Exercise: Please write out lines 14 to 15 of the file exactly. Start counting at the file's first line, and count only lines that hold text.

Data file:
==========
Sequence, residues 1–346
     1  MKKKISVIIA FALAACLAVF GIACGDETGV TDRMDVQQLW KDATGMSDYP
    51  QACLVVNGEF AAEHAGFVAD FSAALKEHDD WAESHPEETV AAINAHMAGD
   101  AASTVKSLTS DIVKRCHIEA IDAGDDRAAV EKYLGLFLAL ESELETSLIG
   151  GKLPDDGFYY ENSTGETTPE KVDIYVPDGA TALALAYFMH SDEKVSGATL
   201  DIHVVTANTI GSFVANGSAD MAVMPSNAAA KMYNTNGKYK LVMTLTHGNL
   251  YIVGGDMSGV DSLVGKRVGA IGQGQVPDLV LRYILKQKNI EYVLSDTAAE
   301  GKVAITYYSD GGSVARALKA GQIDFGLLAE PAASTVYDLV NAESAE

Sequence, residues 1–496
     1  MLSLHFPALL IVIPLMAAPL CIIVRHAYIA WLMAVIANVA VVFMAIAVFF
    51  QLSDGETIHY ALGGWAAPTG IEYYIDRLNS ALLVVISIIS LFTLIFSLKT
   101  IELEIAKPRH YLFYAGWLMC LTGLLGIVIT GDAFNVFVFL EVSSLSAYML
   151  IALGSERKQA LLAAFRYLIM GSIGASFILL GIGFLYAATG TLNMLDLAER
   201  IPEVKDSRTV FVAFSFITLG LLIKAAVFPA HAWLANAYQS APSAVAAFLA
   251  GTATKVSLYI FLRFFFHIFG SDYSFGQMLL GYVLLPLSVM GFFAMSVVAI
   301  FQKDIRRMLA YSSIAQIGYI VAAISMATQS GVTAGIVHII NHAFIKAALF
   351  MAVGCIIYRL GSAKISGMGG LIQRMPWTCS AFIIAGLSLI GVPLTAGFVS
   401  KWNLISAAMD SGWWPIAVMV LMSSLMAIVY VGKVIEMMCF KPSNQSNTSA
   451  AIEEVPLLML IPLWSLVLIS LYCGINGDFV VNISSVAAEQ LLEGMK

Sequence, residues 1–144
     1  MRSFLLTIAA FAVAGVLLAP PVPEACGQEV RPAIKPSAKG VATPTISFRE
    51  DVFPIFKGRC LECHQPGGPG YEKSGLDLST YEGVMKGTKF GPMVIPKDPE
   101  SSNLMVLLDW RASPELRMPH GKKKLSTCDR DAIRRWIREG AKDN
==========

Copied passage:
   201  IPEVKDSRTV FVAFSFITLG LLIKAAVFPA HAWLANAYQS APSAVAAFLA
   251  GTATKVSLYI FLRFFFHIFG SDYSFGQMLL GYVLLPLSVM GFFAMSVVAI